A governor does right thing – but not ours

The Observer editorial board

Plaintiffs Joaquin Carcano, right, and Angela Gillmore filed a federal lawsuit with others Monday challenging HB 2.
Plaintiffs Joaquin Carcano, right, and Angela Gillmore filed a federal lawsuit with others Monday challenging HB 2. News & Observer

A Southern Republican governor sits at his desk, mulling a bill that paves the way for discrimination against gay residents. The bill was sent to him by a Republican-led General Assembly fearful of a bogeyman that doesn’t exist.

The bill threatens the state’s reputation, and big corporations and sports leagues make that clear. They urge the governor to veto the measure, hinting or stating explicitly that if the bill becomes law they might not bring jobs or big sporting events to the state.

But the governor is squeezed between those voices and those on the far right of his party. They hold the power in the legislature, and they want the governor’s support.

In the end, the governor shows some courage and does the right thing. He vetoes the bill.

“I do not think we have to discriminate against anyone to protect the faith-based community…” the governor says. “This is about the character of our state and the character of its people.”

This story, clearly, is not about N.C. Gov. Pat McCrory. Georgia Gov. Nathan Deal vetoed HB 757 Monday, rejecting his legislature’s attempt to slow the growing reality of equal treatment under the law.

McCrory? He signed North Carolina’s HB 2 the day it was passed and – in the face of overwhelming condemnation from around the state and country – quickly began pulling the levers of power in state government to spin his actions to help his reelection campaign.

McCrory called Charlotte’s LGBT non-discrimination ordinance a “radical breach of trust and security under the false argument of equal access.” His staff then put together 18 questions and answers that try to make it sound like the legislation does practically nothing at all, or even helps minorities.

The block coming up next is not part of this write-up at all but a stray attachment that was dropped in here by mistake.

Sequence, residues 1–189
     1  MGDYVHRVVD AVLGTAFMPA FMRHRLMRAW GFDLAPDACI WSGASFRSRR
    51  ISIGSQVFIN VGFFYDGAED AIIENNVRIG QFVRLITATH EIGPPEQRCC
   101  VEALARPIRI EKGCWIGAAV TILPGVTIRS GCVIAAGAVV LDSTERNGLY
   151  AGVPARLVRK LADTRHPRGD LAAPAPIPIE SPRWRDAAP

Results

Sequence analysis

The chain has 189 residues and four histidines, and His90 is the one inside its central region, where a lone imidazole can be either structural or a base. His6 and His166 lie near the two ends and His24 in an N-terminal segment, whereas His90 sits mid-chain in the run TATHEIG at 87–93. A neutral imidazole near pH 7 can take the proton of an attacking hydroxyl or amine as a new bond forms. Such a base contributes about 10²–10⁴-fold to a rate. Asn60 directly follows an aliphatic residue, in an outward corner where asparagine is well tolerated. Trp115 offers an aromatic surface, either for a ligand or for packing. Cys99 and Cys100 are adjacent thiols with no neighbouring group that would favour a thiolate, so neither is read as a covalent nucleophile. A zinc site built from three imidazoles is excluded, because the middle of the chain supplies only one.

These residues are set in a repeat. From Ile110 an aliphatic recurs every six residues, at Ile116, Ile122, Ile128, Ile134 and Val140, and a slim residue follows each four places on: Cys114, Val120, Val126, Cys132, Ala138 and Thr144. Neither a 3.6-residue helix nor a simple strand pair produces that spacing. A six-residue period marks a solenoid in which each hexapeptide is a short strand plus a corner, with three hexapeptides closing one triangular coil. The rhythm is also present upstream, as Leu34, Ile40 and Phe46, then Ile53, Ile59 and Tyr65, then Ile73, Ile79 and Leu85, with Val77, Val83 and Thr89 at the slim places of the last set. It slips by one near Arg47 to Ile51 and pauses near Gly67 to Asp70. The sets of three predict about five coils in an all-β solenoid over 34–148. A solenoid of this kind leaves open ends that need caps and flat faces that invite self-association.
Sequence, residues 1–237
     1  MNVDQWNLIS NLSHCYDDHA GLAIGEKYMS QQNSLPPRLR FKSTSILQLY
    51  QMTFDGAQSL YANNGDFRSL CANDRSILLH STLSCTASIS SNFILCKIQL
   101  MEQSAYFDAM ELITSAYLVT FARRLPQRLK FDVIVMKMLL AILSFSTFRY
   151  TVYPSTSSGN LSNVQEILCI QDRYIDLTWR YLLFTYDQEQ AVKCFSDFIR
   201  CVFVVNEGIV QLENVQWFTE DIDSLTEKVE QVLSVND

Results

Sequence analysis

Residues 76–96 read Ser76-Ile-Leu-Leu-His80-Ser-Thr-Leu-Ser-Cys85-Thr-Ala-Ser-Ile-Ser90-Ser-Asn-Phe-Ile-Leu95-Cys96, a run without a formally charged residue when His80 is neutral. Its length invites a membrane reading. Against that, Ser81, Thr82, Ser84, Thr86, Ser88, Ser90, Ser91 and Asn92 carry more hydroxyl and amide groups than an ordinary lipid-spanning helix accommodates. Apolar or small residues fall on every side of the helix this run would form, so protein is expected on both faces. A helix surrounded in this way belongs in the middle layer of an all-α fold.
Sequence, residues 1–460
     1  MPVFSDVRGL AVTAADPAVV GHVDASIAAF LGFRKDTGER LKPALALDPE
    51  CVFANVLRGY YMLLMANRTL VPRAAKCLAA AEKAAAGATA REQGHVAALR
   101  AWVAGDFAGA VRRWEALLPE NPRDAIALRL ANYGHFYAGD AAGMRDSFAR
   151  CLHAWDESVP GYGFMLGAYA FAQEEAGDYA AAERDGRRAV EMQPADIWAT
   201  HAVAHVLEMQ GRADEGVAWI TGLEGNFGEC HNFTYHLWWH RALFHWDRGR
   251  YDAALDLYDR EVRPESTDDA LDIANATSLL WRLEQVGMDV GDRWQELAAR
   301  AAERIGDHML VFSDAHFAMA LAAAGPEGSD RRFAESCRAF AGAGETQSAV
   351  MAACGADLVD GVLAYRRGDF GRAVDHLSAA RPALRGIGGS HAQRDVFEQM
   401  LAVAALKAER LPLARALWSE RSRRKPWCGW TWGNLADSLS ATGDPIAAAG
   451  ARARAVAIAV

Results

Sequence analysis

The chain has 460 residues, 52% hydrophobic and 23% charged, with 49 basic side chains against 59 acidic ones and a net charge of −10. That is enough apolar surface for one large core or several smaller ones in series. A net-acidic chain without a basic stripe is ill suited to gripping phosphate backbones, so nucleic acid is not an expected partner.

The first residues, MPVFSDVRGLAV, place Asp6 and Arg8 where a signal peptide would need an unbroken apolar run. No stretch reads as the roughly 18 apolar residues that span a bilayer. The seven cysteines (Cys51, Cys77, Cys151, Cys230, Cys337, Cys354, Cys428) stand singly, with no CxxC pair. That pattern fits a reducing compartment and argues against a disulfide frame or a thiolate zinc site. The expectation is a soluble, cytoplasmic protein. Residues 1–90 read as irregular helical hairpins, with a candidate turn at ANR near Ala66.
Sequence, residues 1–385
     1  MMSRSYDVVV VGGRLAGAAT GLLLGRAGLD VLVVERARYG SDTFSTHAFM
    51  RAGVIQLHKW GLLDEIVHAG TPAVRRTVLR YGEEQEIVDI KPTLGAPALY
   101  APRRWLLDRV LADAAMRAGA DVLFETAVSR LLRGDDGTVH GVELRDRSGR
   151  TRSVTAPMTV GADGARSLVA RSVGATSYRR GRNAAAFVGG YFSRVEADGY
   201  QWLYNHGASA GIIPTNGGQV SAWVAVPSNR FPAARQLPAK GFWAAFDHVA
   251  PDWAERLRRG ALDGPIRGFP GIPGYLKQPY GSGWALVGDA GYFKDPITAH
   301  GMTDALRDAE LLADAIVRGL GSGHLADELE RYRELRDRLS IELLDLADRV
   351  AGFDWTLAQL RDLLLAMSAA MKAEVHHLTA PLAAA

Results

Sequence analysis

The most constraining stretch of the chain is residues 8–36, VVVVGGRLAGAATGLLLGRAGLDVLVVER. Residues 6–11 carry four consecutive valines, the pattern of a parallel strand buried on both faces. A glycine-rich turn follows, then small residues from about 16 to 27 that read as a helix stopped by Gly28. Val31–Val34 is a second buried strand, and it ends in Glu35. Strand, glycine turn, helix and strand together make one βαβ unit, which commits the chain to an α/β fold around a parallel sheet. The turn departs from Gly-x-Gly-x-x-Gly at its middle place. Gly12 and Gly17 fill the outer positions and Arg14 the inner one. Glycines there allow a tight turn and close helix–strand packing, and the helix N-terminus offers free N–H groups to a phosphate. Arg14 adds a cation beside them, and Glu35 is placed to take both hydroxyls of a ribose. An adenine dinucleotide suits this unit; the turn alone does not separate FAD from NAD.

In a shameless mixing of his campaign and the executive branch, McCrory’s message of spin went out not only from the governor’s office and his campaign, but also from the N.C. Department of Transportation, the N.C. Department of Health and Human Services and other state agencies.

If that doesn’t violate GS 126-13, which prohibits state employees from engaging in political activity, it comes mighty close.

Critics of HB 2 filed suit in federal court Monday. In response, McCrory blamed, you guessed it, the media. He believes the New York Times, the Washington Post, N.C. news outlets and others are engaging in “a coordinated national effort to mislead the public.” In a Trumpian flourish, he also claimed that every city today has the same nondiscrimination policy it had two weeks ago – a blatant untruth.

Then, to make sure residents understand the depth of his distaste for equality, McCrory adds that he will relish watching UNC in the Final Four in Houston, which defeated a similar ordinance last year.

McCrory has been steamrolled repeatedly by the more powerful state legislature since his 2012 election. But given his longstanding phobia of gays, McCrory in this instance is not being dragged along by the so-called leaders on Jones Street. Rather he is helping drive his “Carolina Comeback” – a comeback not of the state’s economy but of dark, discriminatory decades past.